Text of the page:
So too with the mysterious city on the horizon. There was a sense in which it could be anywhere and nowhere, real or mythical. As long as I just looked at it from the window, like Tolkien’s distant island it was nothing more than an ideal.
Pilgrimage is the act of collapsing the space between the ideal and the real. A person grows up with stories and ideas of a city or a place, but the sense of what that place is really like in that person’s head is very different to the sense one would get from the place itself.
So when a person makes a journey to Jerusalem or Santiago or Kerbala, they are not just traveling to some religious place, to make some pointless gesture at some shrine. They are taking steps to inhabit, at least for a while, a place which occupies a very real amount of space in their heads.
So what would be the equivalent for those of us who acknowledge no gods and venerate no saints or sacred places? How do we visit the City on the Hill?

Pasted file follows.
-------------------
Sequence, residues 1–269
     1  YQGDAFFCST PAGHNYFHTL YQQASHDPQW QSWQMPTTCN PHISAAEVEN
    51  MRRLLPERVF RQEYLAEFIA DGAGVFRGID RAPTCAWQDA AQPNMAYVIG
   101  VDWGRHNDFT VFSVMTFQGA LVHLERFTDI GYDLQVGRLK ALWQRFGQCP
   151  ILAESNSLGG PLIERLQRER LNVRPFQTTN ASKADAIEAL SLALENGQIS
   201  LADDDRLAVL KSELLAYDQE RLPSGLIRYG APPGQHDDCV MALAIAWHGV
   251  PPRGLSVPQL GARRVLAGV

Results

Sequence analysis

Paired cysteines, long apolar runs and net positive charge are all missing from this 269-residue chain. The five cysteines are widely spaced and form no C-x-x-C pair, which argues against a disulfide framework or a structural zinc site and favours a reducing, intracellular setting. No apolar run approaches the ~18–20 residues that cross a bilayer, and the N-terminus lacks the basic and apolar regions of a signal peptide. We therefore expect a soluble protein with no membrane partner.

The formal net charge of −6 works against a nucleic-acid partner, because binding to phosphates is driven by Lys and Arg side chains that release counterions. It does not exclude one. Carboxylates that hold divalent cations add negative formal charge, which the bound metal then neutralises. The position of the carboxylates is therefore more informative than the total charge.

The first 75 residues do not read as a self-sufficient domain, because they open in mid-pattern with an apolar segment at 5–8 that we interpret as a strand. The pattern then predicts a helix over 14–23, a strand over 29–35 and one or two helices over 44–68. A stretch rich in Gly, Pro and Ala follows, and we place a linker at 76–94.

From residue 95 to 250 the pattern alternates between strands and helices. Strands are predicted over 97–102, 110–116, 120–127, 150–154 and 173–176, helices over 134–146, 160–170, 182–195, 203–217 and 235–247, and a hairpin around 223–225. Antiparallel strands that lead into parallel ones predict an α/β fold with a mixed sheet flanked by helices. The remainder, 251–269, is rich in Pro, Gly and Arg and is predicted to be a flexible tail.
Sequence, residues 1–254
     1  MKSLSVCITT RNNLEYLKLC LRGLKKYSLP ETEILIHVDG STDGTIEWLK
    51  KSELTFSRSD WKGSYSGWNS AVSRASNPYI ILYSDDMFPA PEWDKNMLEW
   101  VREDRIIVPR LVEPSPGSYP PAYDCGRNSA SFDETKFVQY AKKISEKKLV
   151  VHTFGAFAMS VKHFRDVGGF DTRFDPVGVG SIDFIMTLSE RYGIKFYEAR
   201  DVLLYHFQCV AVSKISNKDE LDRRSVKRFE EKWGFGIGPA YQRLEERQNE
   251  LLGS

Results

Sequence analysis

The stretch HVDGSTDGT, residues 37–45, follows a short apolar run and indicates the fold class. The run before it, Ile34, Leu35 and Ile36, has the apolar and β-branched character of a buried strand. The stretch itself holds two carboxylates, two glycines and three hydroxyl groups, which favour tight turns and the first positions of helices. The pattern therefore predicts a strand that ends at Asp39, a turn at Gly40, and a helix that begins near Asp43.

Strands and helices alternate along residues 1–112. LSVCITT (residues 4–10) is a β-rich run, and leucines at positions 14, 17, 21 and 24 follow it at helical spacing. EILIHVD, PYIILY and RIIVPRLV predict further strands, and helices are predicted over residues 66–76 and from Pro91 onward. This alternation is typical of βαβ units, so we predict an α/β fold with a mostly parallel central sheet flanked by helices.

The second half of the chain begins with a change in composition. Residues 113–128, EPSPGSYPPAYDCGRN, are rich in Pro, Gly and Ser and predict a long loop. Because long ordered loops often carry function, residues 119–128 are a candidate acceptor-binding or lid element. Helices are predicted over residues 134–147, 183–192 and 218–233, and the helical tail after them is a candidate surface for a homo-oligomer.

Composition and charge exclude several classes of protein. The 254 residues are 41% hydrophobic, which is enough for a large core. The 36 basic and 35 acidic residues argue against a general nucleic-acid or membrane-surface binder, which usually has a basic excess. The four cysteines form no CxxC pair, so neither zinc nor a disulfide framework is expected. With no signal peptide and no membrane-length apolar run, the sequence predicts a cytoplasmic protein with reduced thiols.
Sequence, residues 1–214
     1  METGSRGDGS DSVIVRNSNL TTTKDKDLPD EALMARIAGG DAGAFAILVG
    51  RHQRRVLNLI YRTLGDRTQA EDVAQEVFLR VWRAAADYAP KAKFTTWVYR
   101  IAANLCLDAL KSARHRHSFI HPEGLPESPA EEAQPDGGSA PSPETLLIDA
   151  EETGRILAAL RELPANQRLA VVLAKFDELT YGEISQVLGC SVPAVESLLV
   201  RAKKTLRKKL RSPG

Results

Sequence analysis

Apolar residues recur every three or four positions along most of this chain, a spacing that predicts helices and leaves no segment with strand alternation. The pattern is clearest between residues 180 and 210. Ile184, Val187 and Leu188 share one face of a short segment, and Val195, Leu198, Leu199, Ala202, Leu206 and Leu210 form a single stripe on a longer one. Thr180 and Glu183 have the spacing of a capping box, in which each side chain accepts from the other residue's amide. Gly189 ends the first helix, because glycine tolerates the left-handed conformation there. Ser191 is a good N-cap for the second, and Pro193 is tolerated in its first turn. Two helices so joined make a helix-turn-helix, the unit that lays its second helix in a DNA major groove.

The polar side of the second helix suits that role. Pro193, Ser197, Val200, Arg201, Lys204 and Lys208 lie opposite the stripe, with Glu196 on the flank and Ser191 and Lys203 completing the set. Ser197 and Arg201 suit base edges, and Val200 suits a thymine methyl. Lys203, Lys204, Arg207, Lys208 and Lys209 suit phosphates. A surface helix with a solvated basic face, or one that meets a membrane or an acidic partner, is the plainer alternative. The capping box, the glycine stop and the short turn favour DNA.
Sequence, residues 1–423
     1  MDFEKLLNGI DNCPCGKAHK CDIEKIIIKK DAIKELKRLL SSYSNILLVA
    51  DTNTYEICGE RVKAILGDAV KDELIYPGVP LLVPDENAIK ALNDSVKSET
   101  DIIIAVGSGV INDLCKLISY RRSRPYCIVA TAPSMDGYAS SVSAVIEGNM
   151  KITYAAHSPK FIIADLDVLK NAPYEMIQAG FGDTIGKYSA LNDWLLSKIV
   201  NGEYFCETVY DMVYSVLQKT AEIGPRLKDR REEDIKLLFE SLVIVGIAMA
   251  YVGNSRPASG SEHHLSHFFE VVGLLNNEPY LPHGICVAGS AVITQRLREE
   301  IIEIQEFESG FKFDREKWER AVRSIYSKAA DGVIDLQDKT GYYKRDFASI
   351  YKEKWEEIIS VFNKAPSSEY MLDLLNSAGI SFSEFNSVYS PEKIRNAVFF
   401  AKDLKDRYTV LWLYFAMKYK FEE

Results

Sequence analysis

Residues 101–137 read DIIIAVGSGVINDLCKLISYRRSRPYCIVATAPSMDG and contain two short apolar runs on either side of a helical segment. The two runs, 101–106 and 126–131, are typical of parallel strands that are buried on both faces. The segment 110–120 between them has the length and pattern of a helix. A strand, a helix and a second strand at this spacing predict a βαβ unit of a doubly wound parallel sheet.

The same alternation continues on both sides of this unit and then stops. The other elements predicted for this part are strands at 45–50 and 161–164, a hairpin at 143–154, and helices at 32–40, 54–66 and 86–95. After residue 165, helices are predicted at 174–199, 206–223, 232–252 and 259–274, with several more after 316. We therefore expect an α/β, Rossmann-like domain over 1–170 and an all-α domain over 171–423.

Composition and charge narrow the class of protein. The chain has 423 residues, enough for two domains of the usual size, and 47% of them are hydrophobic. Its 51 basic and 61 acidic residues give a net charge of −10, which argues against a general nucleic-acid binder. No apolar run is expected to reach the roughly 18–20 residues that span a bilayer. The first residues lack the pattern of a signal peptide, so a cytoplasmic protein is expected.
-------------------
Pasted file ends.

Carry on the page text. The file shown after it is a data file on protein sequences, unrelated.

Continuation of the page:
The answer seems almost trivial, but I am going to suggest it by way of example. Like many people, I have spent much of my life watching movies and reading books set in New York, without having been there. I considered, as I think many of us do, that I more or less knew what it was like as a city, what it would be like to visit. But of course when we visit a place for the first time that has occupied so much space in our imaginations, it is very different (as we knew it would be) but also different in a way that wasn’t how we thought it would be. For one thing, New York is at one and the same time both bigger and smaller than you thought. Taking a cab across the Queensborough Bridge, walking up a large part of Broadway or across the park, the scale is different to what you think.
My first visit to New York was in January 2002. The atrocity that was the Twin Towers was still fresh in everyone’s minds and the city was a sobering place to be. I was invited to a meeting in a skyscraper downtown, just off Wall Street, to present some ideas to some financial folks. I arrived at the airport late at night and took the subway to my cheap hotel on the Upper West Side. My hotel was one of those thirty bucks a night places where you get your own room but share bathrooms. The door had layers of history inside and out – a peephole, a tin can lid to cover it, paint on that and so on. There was a metal radiator that was too hot to touch, and a proper New York movie-style fire escape right outside the window.